Planning how to grow a beautiful herb garden is a useful step that can make all the difference in how the garden grows and how it looks once the garden is complete.
Whether it’s an existing garden or one that is brand new, the first step is to think about the trajectory of the sun. Which areas of the planned garden get the most morning sun, noontime sun and afternoon sun.
It’s also useful to think about where the garden gets the most shade. Some herbs do grow well in the shade (such as mint), but they still need some sun. Most herbs will need at least 8 hours of sun a day so the sun’s trajectory is an important factor in planning the garden.
Next, think about the design or shape of the garden. Whether it’s a formal garden with straight lines or a more informal garden with lots of curves and angles, the garden design will influence its’ final appearance.
The design will also be influenced by where the sun falls and how much land is available for the garden. Many herbs can be grown in a small area, such as a corner plot, so it is not necessary to have a large garden unless one is ambitious and land is available.
Garden designs can also incorporate a variety of paths, walls, elements such as statues or bird baths or lead to a bench or seat where one can rest and enjoy the garden.
Planning for elements to put in the garden also adds an interesting focal point which is enhanced by the herbs.
Once the shape is decided, think about whether the garden will be divided into small plots or large plots. It’s easier to work with smaller plots but there still needs to be plenty of room for plants to grow. Pathways make it easier to get to the plants to do any necessary work.
Before planting though, it is a good idea to consider the soil the herbs will be planted in and the requirements of the plants. Is the soil compacted or hard? Does it retain too much water?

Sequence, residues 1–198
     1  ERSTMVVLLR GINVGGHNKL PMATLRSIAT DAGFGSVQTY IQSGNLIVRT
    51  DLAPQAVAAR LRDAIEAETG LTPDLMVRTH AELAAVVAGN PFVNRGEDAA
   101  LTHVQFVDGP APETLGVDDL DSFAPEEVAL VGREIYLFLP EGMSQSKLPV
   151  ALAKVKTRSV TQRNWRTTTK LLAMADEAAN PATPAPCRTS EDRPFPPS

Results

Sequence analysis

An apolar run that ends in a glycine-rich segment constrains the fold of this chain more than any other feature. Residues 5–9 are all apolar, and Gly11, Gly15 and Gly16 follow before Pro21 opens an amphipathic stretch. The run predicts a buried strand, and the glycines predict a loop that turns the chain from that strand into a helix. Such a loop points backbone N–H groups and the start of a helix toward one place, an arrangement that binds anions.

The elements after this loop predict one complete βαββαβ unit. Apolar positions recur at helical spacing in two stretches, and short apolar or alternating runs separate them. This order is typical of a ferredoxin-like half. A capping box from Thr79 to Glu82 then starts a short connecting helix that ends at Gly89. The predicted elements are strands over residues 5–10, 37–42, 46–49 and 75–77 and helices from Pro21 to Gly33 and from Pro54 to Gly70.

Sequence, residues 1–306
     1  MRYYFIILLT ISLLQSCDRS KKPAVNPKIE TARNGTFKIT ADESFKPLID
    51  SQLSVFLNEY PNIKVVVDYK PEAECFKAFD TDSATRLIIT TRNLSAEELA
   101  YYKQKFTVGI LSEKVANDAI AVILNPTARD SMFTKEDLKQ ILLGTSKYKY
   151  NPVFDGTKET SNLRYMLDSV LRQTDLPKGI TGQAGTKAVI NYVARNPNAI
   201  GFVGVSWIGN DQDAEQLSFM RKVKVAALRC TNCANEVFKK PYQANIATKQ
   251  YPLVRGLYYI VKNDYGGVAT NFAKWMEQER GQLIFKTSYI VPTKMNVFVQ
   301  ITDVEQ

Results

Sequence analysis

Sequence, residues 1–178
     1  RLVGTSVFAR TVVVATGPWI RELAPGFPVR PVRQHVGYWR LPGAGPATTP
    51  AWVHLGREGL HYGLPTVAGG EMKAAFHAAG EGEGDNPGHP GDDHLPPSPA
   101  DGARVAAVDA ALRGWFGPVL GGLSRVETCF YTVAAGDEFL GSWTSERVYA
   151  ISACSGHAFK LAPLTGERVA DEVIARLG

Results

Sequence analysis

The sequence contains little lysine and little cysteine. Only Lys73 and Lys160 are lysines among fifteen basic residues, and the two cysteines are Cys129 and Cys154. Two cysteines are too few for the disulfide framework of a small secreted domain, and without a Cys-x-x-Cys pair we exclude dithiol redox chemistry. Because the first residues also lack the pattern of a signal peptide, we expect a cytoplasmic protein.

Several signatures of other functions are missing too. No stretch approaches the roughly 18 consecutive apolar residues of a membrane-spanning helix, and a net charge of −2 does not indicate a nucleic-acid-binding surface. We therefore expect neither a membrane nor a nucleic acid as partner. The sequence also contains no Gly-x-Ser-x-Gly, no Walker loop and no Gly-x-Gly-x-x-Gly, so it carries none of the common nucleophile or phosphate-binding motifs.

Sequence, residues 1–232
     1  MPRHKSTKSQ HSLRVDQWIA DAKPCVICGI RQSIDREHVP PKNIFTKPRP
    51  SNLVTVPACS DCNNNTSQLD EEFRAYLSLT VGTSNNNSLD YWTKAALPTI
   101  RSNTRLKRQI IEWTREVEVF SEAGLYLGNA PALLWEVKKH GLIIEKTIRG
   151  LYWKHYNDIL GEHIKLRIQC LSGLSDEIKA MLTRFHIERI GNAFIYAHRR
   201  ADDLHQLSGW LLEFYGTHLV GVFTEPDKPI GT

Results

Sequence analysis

Herbs need well draining soil to grow properly. If the soil needs improvement, add some rich humus-like material and a small amount of sand to improve drainage.
When choosing plants, think about the requirements of the plant before putting it in the ground. Taller herbs should be put at the back of a garden or in the middle if there is a center. Shade loving plants should not be put in sunny areas and vice versa. Group similar plants together to create pleasing borders.
Consider also the various bloom times for plants to create color every month during the growing season and the different textures of foliage such as silver-gray leaves that add interest to the landscape. The silver-gray leaves of herbs like woolly lamb’s ears or santoline can be interspersed between other herbs to add a pleasing contrast.
Whether you are growing herbs for culinary use, medicinal, aromatherapy or other uses, or just want to enjoy them in your garden, then proper planning will ensure a beautiful herb garden for years to come.

Author's Bio: 

Learn more about gardening with herbs as well as other uses for herbs by visiting Marilyn Zink has 20 years experience growing herbs and using them for health, cooking, aromatherapy, crafts and more.